Saturday, April 21, 2012

S is for - Selecting, Suitable pSalms, Spiritual Songs, and other aSSorted, Scripturally Sound Sacred Strains that Support the Shepherd’s Sermons for the Singing Saints in their Sycophancy of the Sovereign Savior on Sundays is my Service.

 (Title Translation:  I’m the Song Leader In My Church.)

I’m not skilled or trained in the art of choral directing.  This ministry has fallen on me, not because I can; but only because I was available and willing when there was no one else to do it.  So on Sundays, I simply stand in front of the congregation, announce the song selections, and then we sing together.

But that’s really the easy part.  Selecting the music each week takes much more time and effort. On Mondays, I receive the scripture reference and outline of my pastor's sermon for the next Sunday. After I read the text and his outline, I attempt to identify key words or teachings and then I search through the hymnbook to find appropriate music that supports and augments the message.  
If the church has a biblical mandate with clear instructions from God about what we are to do in our worship services(which it has) then, certainly, those instructions must also apply to what we do with our music. 

What instructions do we get for assembling ourselves together?  We come together primarily to be built up in the faith and equipped to do the work of the ministry.  And that comes by way of hearing the Word of God through the vehicle of preaching and teaching.  So then music, being an integral part of our worship service, is not to be performed for our enjoyment or our entertainment.

The use of music in worship was instituted and is ordained by God and He has given much instruction in His Word regarding its use.  Among others, music should glorify God, edify (or build up) God’s people in the faith, and point others to Christ.  Hmmm, seems like those objectives are pretty much the same as those given for the ministry of pastor/teacher.   The Apostle Paul gives this instruction on how the church should conduct itself in wisdom; “Speaking to one another in psalms and hymns and spiritual songs, singing and making melody with your heart to the Lord; always giving thanks for all things in the name of our Lord Jesus Christ to God, even the Father…”Ephesians 5:19-20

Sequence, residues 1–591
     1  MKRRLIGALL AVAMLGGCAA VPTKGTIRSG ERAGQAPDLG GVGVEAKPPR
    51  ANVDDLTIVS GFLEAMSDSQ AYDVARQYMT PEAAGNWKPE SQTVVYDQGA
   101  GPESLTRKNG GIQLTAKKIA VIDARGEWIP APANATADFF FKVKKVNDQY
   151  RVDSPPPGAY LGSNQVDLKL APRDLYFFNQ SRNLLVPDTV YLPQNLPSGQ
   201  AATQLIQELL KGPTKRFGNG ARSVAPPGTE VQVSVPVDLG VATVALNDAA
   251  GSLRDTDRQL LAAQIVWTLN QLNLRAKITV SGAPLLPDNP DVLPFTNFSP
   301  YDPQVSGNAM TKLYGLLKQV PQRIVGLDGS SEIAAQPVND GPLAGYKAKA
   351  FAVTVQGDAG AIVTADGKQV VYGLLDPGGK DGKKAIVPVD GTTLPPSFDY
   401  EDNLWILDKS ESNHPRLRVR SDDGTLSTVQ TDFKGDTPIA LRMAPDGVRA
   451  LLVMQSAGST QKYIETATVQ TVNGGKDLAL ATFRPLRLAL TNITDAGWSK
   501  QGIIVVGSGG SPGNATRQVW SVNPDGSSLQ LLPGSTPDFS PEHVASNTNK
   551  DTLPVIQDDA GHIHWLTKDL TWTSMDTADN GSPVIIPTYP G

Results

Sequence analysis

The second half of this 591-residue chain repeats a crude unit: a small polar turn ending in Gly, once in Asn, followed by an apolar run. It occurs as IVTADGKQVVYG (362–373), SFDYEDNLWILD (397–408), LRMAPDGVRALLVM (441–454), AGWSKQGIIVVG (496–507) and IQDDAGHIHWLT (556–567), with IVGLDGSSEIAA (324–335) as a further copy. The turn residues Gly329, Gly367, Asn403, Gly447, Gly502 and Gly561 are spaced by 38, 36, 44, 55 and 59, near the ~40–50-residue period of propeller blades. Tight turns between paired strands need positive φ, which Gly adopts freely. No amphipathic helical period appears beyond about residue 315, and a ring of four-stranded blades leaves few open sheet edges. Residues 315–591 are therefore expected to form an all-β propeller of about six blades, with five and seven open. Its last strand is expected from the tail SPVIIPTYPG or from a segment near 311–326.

The first interesting thing to note is that he tells us that we are to “speak to each other” with our music.  That implies that there is something important and substantial to communicate to each other and we do that with words.  The words are important.  Words mean things.  So, just like the words from the mouth of the preacher, the words we sing and hear in our music are important in our worship. 

The Apostle then goes on to identify three kinds of written music that we must use in our worship.  It is not our prerogative to insist that we only like hymns or that we will only use contemporary “praise and worship” choruses.  We have God’s written word of instruction; we are to speak to each other with psalms, hymns, and spiritual songs.

Psalms are the actual words of scripture set to music.  With psalms, God is glorified with His own words sung back to Him; words that speak of His character and nature and all His superlative attributes.  And His words are higher and greater than the very best we could ever compose ourselves so they are the highest and greatest compositions that we can set to music that will focus our attention on Him for His glory. 
Then there are hymns which, by definition, are songs composed by men and primarily used to praise God.  One of the secondary benefits of the use of hymns is that much of our doctrine is written into poetic text.  That’s a good thing if the doctrine is correct.  But there is a lot of false doctrine in Christian music too, and that is where pastors/shepherds need to be on guard so that the flock is not deceived.  But when the doctrine is correct, much of what we know and believe about our faith can be learned or caught through our music.

Spiritual songs are what we usually think of as choruses and songs that speak of our personal relationship to Christ.  Spiritual songs contain elements of personal testimony as we share, through music, who Jesus is and what He has done for us.

Therein are the elements.  With psalms we glorify God; with hymns, we build each other up in the faith, and with spiritual songs, we point others to Christ.

Someone has said, "If the music doesn't preach to you, then there is no sense in having it."

Serve the LORD with gladness; Come before His presence with singing.
Psalm 100:2

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